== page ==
• Matt . . . Unique, talented, determined...and autistic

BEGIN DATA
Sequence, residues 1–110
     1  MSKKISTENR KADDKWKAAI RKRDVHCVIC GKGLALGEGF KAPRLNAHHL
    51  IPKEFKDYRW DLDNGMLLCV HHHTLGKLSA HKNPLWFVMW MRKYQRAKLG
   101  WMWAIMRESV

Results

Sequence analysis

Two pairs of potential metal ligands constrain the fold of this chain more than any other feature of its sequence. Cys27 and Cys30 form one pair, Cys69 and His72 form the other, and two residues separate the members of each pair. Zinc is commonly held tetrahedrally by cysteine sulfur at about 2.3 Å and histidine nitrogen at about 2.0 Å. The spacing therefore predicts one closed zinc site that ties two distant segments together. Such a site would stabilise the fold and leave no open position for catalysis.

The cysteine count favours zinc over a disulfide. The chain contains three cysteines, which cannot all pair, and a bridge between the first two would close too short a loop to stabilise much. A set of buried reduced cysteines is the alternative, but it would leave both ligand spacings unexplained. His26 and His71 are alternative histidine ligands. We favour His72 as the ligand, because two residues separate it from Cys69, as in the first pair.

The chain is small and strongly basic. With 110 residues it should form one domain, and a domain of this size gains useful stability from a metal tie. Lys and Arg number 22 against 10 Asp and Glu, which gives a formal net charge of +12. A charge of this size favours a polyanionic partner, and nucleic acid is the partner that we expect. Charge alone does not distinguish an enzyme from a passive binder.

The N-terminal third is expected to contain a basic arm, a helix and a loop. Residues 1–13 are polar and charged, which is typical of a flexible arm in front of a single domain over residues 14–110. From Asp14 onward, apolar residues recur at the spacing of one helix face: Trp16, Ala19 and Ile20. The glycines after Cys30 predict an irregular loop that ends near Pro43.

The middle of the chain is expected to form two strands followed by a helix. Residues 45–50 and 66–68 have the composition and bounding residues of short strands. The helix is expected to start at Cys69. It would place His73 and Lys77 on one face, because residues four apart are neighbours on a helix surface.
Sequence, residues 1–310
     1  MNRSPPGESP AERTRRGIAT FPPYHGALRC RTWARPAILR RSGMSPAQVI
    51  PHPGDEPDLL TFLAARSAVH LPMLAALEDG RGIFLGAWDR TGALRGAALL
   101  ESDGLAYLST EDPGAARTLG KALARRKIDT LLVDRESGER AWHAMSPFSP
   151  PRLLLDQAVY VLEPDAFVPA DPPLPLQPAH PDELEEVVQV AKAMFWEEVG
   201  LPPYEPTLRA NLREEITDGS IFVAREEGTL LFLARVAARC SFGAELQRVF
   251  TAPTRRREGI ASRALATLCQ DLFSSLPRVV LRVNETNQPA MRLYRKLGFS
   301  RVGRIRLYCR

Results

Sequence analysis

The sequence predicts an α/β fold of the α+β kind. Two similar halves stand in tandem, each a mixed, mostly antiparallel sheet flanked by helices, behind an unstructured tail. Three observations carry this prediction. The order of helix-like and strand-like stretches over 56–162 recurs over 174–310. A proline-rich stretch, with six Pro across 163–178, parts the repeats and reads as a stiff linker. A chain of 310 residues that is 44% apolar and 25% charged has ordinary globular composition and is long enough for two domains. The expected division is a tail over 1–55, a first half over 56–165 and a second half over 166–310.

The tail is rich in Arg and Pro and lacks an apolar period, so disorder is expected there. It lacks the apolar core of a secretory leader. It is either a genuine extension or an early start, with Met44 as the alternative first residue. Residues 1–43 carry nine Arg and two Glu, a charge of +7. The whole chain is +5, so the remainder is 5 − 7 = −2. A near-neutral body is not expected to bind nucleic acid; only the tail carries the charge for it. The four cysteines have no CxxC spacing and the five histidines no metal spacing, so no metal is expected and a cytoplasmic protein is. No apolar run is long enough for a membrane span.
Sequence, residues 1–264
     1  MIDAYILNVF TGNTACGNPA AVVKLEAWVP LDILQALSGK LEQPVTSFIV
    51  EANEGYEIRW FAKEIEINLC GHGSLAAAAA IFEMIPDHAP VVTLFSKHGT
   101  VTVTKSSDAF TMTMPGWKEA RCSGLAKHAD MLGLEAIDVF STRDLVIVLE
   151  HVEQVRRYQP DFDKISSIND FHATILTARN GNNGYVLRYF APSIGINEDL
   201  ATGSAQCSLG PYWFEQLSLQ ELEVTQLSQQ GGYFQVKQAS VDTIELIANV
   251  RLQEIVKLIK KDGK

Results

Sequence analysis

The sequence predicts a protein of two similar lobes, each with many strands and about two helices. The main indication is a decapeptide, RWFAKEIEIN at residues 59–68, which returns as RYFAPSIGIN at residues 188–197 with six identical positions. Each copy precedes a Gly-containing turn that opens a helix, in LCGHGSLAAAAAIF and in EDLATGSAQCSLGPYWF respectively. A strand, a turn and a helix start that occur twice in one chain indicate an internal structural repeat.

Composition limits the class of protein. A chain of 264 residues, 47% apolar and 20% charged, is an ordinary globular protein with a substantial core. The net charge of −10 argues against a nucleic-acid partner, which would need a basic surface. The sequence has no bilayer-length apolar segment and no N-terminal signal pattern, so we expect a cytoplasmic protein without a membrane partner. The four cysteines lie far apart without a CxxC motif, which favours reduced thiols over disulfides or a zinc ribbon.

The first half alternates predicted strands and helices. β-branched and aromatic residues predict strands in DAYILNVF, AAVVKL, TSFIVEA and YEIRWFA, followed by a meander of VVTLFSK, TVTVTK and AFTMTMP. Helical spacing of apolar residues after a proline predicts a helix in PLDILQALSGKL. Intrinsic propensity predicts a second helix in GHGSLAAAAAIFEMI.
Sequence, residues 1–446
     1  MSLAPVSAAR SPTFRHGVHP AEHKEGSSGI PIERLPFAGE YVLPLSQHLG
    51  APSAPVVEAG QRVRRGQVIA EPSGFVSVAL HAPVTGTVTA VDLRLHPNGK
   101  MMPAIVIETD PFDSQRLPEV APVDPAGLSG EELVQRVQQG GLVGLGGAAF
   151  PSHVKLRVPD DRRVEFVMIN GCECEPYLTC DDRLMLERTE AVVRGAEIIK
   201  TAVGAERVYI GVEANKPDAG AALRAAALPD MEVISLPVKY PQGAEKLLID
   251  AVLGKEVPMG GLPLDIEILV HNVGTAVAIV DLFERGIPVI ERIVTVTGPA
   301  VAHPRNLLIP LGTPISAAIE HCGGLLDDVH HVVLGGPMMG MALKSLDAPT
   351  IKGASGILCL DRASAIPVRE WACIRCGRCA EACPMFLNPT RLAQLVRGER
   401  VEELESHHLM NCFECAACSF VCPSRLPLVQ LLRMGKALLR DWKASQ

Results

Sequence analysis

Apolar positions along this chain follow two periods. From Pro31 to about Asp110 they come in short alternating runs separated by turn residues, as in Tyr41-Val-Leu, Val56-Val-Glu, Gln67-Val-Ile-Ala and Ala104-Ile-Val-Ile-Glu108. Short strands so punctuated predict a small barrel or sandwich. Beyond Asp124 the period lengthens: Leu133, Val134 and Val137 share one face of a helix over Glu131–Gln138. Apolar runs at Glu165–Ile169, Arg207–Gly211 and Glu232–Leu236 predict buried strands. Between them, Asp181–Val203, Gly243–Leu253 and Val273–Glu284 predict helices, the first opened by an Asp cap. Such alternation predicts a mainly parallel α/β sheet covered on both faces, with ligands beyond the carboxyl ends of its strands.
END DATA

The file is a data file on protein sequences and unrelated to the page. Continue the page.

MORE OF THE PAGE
One year ago my son, Matt, moved into his own apartment. It was a major event – in both our lives. Matt is moderately to severely autistic and mostly-non-verbal. He now lives on his own. It’s a big deal. Matt was diagnosed in 1988 at the age of two. He was examined by an entire team of doctors, professionals, and specialists. The whole examination took a full week and when they finally came to their conclusion of autism it came with a recommendation of institutionalization. Autism was thought to be a robot-like condition; unfeeling, unable to learn, and unable to live a fulfilling life. Autism was still a rare condition in the 1980s – only 1:10,000 were affected. Getting a diagnosis before the age of five was also quite rare, as most parents didn’t pick up on the changes, or convinced themselves it was just a phase. But I knew something had happened to my son . . . it seemed Matt was not the child he was months before. He was fearful of everything, especially loud sounds and people. He was twisting his hands all the time and he wouldn’t look at me, not even when I called his name. Matt was not institutionalized. He came home and not long after developed additional behaviors that seemed odd; flapping, spinning, lining up his toys, and looking out the corners of his eyes with quick flicks . . . and  I watched it all. Instinct told me autism was based in fear (years later, Temple Grandin also said this) and I wanted to alleviate his fears. Just as important as watching was learning about his condition – but this was the late 1980s and the Internet was not around. Books still referred to “refrigerator mothers” and without someone to guide me I soon learned that the best way to learn about autism was to become a student in the School of Matt, watching, listening and working the puzzle right in front of me. Matt could learn. I saw his curiosity and watched as he discovered the world around him. He was not a robot. He had feelings and thoughts. Since there were no experts in the field anywhere and even special education teachers had no experience with autism, I had to be the expert and I was (on Matt’s autism, not autism in general). I spent those initial years discussing Matt with preschool teachers, special education teachers and general education classroom teachers. I would pop in unexpectedly to observe – not the teachers, mind you, but my son. What was he doing? What was in his environment that he feared? What could we change to help him? Matt’s non-verbal communication was being fine-tuned each year and I was learning to both read his language, and even speak his language, in the way I presented myself to him. I gave these clues to teachers, whom after seeing that Matt could learn, were eager to help and became creative in their evaluations of learning. Matt was being read now by people in education as well as myself, and the discovery of his extensive knowledgebase just upped the stakes on what we could accomplish if we pushed just a little harder . . . Matt entered a general education classroom in the 3rd grade and continued to astonish. He was in Odyssey of the Mind, T-ball, went to a school dance, and even played baseball when the 6th grade challenged the 7th grade. He moved on to the high school. Again, I met with teachers. Again, they found creative ways to help him. He had a personal aide in the class who followed him from grade to grade – a person who knew him and his abilities from year to year and was an enormous help everyday as Matt continued to adapt to environmental stimuli, figure out human gestures and phrases and increase his vocabulary. Of course, increasing his vocabulary did not mean he wanted to speak – but when he did, he found the right words more often . . . his understanding of language was getting better. Somewhere in the mid- 1990s the Internet arrived. Unfortunately, it was still years before that actually meant anything because the Internet didn’t have much – on anything. Information on autism took a few more years after the official launching of the World Wide Web to the public. When articles on autism and parent blogs started to show up in searches my excitement at Matt’s progress turned to sadness. What did I learn on the Web that rocked my world? I learned that Matt was not getting better. His autism wasn’t getting milder simply because he could do so much, it only meant that he was progressively adapting. He was still moderate / severe, and still mostly non-verbal. Understanding that – the enormity of that - was the hardest lesson I learned from the School of Matt. All those changes in Matt during his school years from losing stereotypical behaviors to gaining better eye-contact, to expressing frustration, curiosity, anger, confusion, empathy, and joy, were not signs of Matt getting “better”. He was simply maturing. Matt was so much different than the other children I read about. Initially, that realization hurt – as if someone had sucked the hope out of my life – the hope for my son to someday, maybe have at least a semi-normal life. It seems ridiculous now, but I mourned the loss of an idea, one in which I was sure my son had progressed from moderate / severe to mild. What did I know of autism? I had only known one person with autism – my son. I had never, ever met another autistic child. I had no one to compare his progress to, except the maturing of his older brother . . . his neurotypical older brother. It took some doing to figure this all out on my own, that what I had observed in my son was simply the natural maturing of a child. He was still not able to speak naturally, he was still harboring fears and he still had great difficulty deciphering facial expressions, body language, spoken language and socialization. Then, in a light-bulb moment of clarity I realized that he didn’t need to “get better”, that his skills of adapting to his environment, society, and life in general, was a massive, huge, gargantuan accomplishment. I saw that my son was someone on the side of the spectrum where little hope resides - and he was kicking butt and taking names. Matt graduated in 2005 – with honors by the way – the same year Autism Speaks was formed and people started becoming more aware of what autism was. I started a new subject in the School of Matt - learning to see my child for who he was, see past the autism, and get a glimpse of the wonderful young man he was growing up to be. I thought I had always done that, but when I decided to look deeper I found so much more. He was so skilled in adapting, much more knowledgeable than even the teachers could discern. He was talented in art and photography. He learned quickly about things he wanted to know – and he wanted to learn how to be on his own. I realized it really didn’t matter that he was still moderately / severely autistic. It didn’t matter if he continued to be mostly non-verbal. I understood that while I worked with Matt and helped him jump the obstacles, that Matt was still Matt – autism didn’t take that away, it just masked his true self. I was determine not to miss the forest for the trees. Matt has a personality uniquely his own. He has deep thoughts and his own dreams to chase.He was quite capable of much more than anyone had ever given him credit for. Why did they not see it? Because he was autistic – and people have difficulty seeing beneath the autism. I did too, at first, and sometimes I still do and have to really work at looking deeper. It has all been well worth the journey. One of those dreams, his ultimate goal (a home of his own), took 9 years after high school to achieve. There were skills to be mastered and some were very difficult for him because they involved human interaction. But Matt is Matt.  He's almost 29 years old, and is quite capable of doing so much more and going further still. So this week, he will celebrate the completion of his first year living independently, and we – those that love him and support him - will celebrate with him. What accomplishments he achieves over the next year I can only imagine. We have our goals set for the upcoming year and our steps planned to reach those new goals, but when it comes right down to it, it’s the man that is my son who determines where he goes from here. Yes, he’s still autistic. Yes, he’s still mostly non-verbal. And yes, I believe he can do whatever he sets his mind to do. But not because he’s fighting autism. It’s because he’s Matt. Unique. Talented. Determined  . . . Matt.